Thursday, June 9, 2016

Cleaning Out the Clutter

"Simply Beautiful"
- in my meditation garden -

Most homes out here in the desert where I live have very little storage space. They rarely have basements or attics and so, for the most part, the garage is about the only place to store away all your “stuff.”

When we first moved out here a few years ago we would walk through the neighborhood and I noticed how horribly cluttered most garages were. In some cases people couldn’t even park a car in their garage because it was so filled up with their accumulated possessions. At the time I vowed that I would never allow this to happen to me and so this is why I was so surprised yesterday when I went out to my garage and realized that I had also become a “clutter culprit.”

As I looked around my garage I was struck with the realization of how much clutter had gradually accumulated over the past months – empty boxes randomly scattered everywhere, piles of newspapers, jars and jugs of who knows what, all the many garden tools that we bought over the past few years, an old TV set stored out there after we bought the new one, many unmarked boxes containing unknown things.

It all reminded of a humorous little quip by the ecologist, Wendell Berry:

Don’t own so much clutter
that you would be relieved to see your house catch on fire.

More than being amazed at how much clutter we had accumulated in a relatively short period of time, yesterday I also realized that all the clutter created a sense of chaos for me, and all the chaos made it hard for me to focus - there were just too many distractions.

In my garage yesterday I also realized that all that “stuff” scattered everywhere was a very helpful icon for me, reminding me of all the baggage and clutter in my own life that distracts me from focusing on being aware in the present moment, awake to all my life has to offer me every day.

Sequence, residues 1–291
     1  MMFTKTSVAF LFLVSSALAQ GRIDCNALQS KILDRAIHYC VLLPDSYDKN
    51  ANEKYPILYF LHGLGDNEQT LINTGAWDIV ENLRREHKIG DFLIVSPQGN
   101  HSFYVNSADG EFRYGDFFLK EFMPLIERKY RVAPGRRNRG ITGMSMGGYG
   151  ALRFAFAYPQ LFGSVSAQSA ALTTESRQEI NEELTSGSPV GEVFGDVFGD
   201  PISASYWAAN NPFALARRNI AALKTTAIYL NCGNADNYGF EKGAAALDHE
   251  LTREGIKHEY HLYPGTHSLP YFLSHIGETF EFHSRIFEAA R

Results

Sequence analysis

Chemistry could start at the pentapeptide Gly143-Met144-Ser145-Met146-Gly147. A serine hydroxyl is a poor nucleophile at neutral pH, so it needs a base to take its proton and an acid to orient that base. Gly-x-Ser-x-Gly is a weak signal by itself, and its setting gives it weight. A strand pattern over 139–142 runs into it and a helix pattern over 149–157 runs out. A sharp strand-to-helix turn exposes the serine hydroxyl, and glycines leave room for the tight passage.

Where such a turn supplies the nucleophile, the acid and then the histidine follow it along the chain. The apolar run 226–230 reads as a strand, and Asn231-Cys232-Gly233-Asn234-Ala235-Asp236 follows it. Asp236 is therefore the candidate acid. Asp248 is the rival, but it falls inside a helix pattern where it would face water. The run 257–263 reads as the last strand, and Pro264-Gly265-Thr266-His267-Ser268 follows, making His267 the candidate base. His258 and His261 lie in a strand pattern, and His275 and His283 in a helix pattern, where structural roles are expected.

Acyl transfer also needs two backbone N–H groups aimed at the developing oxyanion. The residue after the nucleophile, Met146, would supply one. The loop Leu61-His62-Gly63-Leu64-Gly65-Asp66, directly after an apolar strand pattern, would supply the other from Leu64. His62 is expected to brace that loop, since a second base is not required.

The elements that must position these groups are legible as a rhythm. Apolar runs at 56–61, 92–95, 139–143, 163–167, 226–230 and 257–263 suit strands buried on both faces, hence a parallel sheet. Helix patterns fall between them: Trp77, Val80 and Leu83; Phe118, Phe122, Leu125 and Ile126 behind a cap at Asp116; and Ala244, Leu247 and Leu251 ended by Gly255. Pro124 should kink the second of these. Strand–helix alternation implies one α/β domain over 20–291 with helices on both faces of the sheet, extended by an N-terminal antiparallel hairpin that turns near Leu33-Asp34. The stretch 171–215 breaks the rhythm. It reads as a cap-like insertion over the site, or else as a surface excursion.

I have read a number of Buddhist books, articles and essays about the practice of mindful meditation – sitting quietly, awake and alert in the present moment. They all say that in order to do this you have to unclutter your mind. This doesn’t mean that when you meditate you should not allow any thoughts or feelings to come into your mind; instead you are able to be mindful and alert if you can recognize and acknowledge the thoughts and then let them go rather then allowing them to accumulate and become clutter that distracts you from focusing.

I actually think this advice about how to meditate mindfully is good advice about how to live  mindfully in your life every day.

I recently came across what Buddhist scholar, Paul Knitter, had to say about this:

Mindfulness is the ongoing effort
not to let our thoughts and feelings get the best of us.
Our problem is not that we have thoughts and feelings
but that we take them too seriously.
We think they are giving us the full and final word
about who we and others really are.
When this happens we don’t have thoughts and feelings,
they have us.

And so we can all observe what is going on – our thinking and judging and feeling
and we let them be and then we let them go.
By not holding on to them they can’t hold on to us.

I find great wisdom in this observation.

The older I get the more I believe that most of us just take ourselves way too seriously. We believe that our thoughts and ideas about ourselves, about others, about the world, even our ideas about ‘God” are true and real and accurate, and so we cling to them because they give us a false sense of security and stability. But the truth is that the thoughts any of us may have accumulated over the years are often little more than piles of clutter in the garage of our minds and if we really hope to grow spiritually we probably need to clear away all the baggage so that new life can spring up.

Jesus’ wisdom about how to walk a spiritual path is no surprise to me:

Take nothing for the journey
no staff, no bag, no money, no extra shirt.

I’m planning on cleaning out the clutter in the garage today. I’m not going to throw it all away, just keep the stuff that I may need to use, and even then I’ll try to be aware that I own my things and they don’t own me.

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